You don’t want to use the usual microUSB as the power connector in your design and want to use the new standard USB-C, but USB power delivery is complicated, the C connector has extra pins and you don’t know what to do with them. The quick answer: 5.1kΩ ±20% pull-down resistors to the ground on both CC1 and CC2 pins. If you want to know WHY, continue! The Micro USB was pushed over a decade ago to replace the charger hell caused by the phone manufacturers, and in 2022. the European Union decided to standardize the charging ports again, everything must have a USB-C charging port.
This is possible because the USB standard became a monster and continues to evolve, adding more and more features and complexity. Connect peripherals, get network connectivity, stream pixel data to monitors, and charge your equipment with 240W power, over a single connector? It’s today’s reality, and an engineer’s nightmare: if one device can do so many things, it must be a mess, and it is. But learn, how did we get here.
USB power history
The very first USB ports were simple: 5V with 100mA or 500mA limit, providing up to 2.5W. Did I say simple? This already included handshaking and negotiating power limit! This is where all the troubles began, it’s normal to discuss the possibilities with a port.
While 2.5W is enough for most mice and keyboards, it’s not enough for many other devices. This was increased to 900mA/4.5W and USB Battery Charging standard added 1.5A/7.5W mode.
The famous “short the data lines for extra power” comes from this USB BC standard, dumb chargers and power banks don’t want to implement power negotiation. So the standard defines: if the charger (not the charged device!) shorts D+ and D-, that’s the confirmation of providing 5V 1.5A without any further questions.
Something changed at this point: tablets and powerful phones wanted way faster charging modes, because 7.5W is not really much. The USB standard had to introduce a fast charging method.
USB Power Delivery (USB-PD)
While increasing the current limit could work, no one wants to carry 4 AWG welding cable for phone charging. All the other quick charge methods include a charging voltage greater than 5V. Because increasing the voltage increases the power too, so the wires don’t have to be thicker. USB PD introduced 9V, 15V and 20V in 2012. The preferred max current is around 3A to save cable thickness. The 20V mode increased this to 5A, providing up to 100W charging! To further increase this, 28V, 36V and even 48V was announced in 2021. to reach up to 240W.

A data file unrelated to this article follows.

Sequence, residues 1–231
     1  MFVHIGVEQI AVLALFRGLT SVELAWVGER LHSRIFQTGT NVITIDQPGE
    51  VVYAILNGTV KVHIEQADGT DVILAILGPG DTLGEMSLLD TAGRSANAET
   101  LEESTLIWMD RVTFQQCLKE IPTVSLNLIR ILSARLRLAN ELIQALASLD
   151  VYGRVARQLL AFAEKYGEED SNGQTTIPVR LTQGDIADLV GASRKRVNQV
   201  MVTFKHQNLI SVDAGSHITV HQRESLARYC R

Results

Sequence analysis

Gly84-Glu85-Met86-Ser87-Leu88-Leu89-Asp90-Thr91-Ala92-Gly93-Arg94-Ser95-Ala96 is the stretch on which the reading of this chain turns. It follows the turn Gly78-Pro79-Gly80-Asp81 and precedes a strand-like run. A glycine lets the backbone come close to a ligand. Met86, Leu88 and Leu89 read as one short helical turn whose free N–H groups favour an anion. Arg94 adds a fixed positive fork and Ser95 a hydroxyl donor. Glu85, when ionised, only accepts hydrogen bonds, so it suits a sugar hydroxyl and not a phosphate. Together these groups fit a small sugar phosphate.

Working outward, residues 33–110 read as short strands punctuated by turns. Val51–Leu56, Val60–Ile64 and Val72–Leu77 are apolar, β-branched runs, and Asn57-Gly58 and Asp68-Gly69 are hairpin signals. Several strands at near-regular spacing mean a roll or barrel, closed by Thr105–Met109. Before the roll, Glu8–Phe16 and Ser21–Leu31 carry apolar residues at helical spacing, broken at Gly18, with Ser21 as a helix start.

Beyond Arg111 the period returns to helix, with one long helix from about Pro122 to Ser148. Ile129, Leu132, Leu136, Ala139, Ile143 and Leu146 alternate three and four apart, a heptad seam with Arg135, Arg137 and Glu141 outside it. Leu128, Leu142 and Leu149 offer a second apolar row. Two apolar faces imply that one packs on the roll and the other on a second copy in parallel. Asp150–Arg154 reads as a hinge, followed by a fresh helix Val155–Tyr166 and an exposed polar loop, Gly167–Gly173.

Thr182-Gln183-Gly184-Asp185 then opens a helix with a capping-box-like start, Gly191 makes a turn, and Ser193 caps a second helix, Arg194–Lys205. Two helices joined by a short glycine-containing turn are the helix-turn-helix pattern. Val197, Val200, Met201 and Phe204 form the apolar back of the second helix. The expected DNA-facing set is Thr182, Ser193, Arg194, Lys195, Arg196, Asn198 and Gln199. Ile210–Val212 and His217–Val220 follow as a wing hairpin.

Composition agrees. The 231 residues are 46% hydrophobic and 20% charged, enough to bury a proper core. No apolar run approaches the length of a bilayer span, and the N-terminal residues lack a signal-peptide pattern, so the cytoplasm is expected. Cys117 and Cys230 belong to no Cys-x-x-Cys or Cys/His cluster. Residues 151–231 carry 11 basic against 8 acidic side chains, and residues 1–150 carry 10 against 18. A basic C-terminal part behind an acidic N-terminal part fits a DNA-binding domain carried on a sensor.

Practically all smartphones (except iPhones and iPads with Lightning), tablets, and better laptops in 2022. already have USB-C charging port. Only high-end gaming and workstation laptops had to use custom, high-power power supplies, but 240W USB PD will surely replace them too. So, forget the microUSB connector for your new designs, all hail USB-C!
Compliance for your simple design
I admit, microUSB was easy to use in a circuit: connect the 5V and GND to your design, and that’s all! At least for devices plugged only in wall warts, because the maximum allowed capacitance is 10μF! Slapping a 1000μF capacitor on the Vbus already violates the standard, so I recommend using a 4.7μF as an input filter to leave headroom for your other decoupling capacitors scattered everywhere.
If you still insist to charge a 10F supercap, go ahead, use a power management IC and other fancy stuff. But we are focusing on the simplest possible design, the microUSB replacement. You just want a stable 5V power supply, up to 3A.
The CC (configuration channel) pins are used to tell the role of a port/device. Pull-up resistors sets a port as source and the supply current, pulldown goes in our gadgets. Because USB-C can be plugged in 2 different ways, both CC pins must have a resistor. If you are okay with the bare minimum, just use the 5.1k 20% pulldown resistors.
Simple power “negotiation”
If you want to know the source’s power capability, just ask the port, it’s eager to tell you! Luckily, no fancy messages are needed, just measure the voltage on your side. (well, it’s mandatory to monitor the voltage on the CC pins, at least for a source) In this case, 5.1k 10% is recommended for precision. The downstream (source) port can advertise the maximum current with the following:
|CC pins on the source side
|Pulled to 5V
|Pulled to 3.3V
|500mA 2.0, 900mA 3.0 5V
If you do stuff like this, you already figured out: this is a voltage divider. So, here is a chart with the voltages (without tolerance!):
|Voltage on CC pin
|500mA 2.0, 900mA 3.0 5V
Don’t go over 10μF, 5.1k on both CC pins, and check if the port can provide the high current, if needed!
So, now you can make a compliant gadget with USB-C for getting power!